Since $H^1(M,Z_2)$ is nontrivial, there is a 1-form which is closed but not exact and the corresponding submanifold is a cycle that does not bound. Now take two copies of M, cut them along such a nonbounding cycle and glue them together. The resulting manifold is a two fold cover.
How would you do this construction for a circle?

Yes, it seems the gluing most be done cross-wise. Maybe it is possible to reason like this: The nonbounding cycle will also have nontrivial homotopy and will admit an antipodal fibration. This fibration gives a cross-wise gluing?

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Yes, it seems the gluing most be done cross-wise. Maybe it is possible to reason like this: The nonbounding cycle will also have nontrivial homotopy and will admit an antipodal fibration. This fibration gives a cross-wise gluing?
can you elaborate this idea?

The two manifolds should be glued together by a two fold covering of the nonbounding cycle.

There may be a characteristic classes approach to this. If I recall correctly, the presence of such an element guarantees the existence of a non-trivial line bundle over M. Since a non-trivial line bundle is necessarily non-orientable, you can take the oriented double cover and the zero section will be a double cover of M.

There may be a characteristic classes approach to this. If I recall correctly, the presence of such an element guarantees the existence of a non-trivial line bundle over M. Since a non-trivial line bundle is necessarily non-orientable, you can take the oriented double cover and the zero section will be a double cover of M.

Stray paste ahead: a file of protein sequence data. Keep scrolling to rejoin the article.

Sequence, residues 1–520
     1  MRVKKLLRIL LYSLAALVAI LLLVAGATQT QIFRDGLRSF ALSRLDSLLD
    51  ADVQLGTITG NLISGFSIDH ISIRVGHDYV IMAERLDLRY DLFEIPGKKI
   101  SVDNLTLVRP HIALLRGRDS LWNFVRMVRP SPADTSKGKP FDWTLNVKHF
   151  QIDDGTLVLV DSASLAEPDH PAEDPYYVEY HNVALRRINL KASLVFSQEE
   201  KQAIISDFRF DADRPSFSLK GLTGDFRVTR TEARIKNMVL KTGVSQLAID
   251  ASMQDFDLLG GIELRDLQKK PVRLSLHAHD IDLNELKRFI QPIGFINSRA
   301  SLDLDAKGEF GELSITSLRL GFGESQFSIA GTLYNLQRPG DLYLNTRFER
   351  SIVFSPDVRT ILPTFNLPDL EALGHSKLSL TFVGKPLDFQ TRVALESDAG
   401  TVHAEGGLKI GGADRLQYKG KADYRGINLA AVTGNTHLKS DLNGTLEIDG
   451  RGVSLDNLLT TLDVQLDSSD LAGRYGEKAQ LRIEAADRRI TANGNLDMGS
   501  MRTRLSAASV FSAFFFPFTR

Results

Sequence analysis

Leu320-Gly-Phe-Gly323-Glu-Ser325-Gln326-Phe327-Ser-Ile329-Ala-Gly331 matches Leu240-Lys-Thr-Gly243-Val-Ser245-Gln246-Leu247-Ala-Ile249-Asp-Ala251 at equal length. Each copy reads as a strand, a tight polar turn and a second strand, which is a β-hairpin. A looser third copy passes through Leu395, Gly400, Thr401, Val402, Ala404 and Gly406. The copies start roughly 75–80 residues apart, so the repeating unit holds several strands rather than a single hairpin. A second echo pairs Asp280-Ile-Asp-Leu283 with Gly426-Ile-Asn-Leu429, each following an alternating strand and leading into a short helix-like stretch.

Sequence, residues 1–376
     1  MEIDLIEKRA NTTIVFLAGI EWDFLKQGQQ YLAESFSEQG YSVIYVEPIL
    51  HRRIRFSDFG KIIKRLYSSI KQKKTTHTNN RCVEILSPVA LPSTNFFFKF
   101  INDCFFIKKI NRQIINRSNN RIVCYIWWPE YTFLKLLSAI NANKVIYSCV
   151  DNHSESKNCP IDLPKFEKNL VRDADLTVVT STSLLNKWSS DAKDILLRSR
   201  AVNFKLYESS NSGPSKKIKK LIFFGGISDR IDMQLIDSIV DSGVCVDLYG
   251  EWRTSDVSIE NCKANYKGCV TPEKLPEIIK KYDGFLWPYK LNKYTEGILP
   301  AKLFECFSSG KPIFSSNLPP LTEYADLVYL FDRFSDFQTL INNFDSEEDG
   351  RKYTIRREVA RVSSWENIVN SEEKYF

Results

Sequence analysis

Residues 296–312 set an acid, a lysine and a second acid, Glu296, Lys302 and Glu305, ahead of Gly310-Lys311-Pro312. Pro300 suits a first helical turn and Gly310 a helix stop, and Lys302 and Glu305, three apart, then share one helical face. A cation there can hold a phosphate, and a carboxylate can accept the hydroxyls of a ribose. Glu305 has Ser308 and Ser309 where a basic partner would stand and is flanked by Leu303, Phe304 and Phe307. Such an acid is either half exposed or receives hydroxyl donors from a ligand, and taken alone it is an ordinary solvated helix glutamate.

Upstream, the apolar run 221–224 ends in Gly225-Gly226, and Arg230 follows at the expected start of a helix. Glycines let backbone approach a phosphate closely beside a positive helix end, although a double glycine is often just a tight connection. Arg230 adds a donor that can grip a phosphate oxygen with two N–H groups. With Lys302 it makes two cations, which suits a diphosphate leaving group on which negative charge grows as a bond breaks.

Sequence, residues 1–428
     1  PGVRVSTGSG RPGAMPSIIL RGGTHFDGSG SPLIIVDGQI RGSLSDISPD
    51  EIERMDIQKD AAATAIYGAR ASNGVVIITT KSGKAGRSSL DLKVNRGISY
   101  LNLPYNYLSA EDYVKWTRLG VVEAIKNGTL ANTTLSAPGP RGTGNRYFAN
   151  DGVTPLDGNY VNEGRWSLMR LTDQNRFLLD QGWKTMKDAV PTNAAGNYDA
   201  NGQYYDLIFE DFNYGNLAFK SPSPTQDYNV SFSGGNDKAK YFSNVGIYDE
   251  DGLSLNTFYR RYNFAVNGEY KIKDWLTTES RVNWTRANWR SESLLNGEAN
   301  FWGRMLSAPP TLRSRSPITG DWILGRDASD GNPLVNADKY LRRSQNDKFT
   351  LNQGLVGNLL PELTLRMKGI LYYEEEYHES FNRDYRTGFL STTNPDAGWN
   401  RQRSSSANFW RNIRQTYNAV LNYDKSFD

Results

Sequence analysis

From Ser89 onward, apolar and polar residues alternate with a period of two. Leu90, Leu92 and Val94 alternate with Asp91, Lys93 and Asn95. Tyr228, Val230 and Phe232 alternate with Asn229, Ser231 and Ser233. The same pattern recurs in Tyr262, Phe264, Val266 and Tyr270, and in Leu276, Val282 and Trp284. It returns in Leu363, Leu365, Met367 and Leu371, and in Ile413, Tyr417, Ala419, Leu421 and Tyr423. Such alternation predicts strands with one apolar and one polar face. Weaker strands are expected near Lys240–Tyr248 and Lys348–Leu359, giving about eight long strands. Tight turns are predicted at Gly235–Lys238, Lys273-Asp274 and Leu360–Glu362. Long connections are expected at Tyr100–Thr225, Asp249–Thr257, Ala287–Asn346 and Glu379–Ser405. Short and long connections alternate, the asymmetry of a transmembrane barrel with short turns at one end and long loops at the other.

This argument seems right but I think you are just restating the problem in terms of bundles.

Since we are speaking of bundles - here is a related problem. Suppose I have a circle bundle over some space. When is there a 2 fold covering by another circle bundle in which fibers are mapped to fibers?

That would be possible if (and only if?) the base space has a two fold covering.

But was the gluing in constructing the two fold cover clear enough? It should be done cross-wise: Cut the two manifolds along the nonbounding cycle. Label the two ends A1 and B1 on the first manifold and A2, B2 on the second. Then glue A1-B2 and B1-A2.

That would be possible if (and only if?) the base space has a two fold covering.

But was the gluing in constructing the two fold cover clear enough? It should be done cross-wise: Cut the two manifolds along the nonbounding cycle. Label the two ends A1 and B1 on the first manifold and A2, B2 on the second. Then glue A1-B2 and B1-A2.
This workd if the cut creates two boundaries. But what if it does not?

This argument seems right but I think you are just restating the problem in terms of bundles.
I thought you had already figured it out - I was trying to rephrase it terms you might be more familiar with. The natural projection from the fundamental group gives you an index 2 subgroup in the fundamental group, which a fortiori is normal. In this case, modding out the universal cover by this subgroup gives you a two-sheeted covering space of M. (cf. Hatcher's algebraic topology book, pp. 70-80).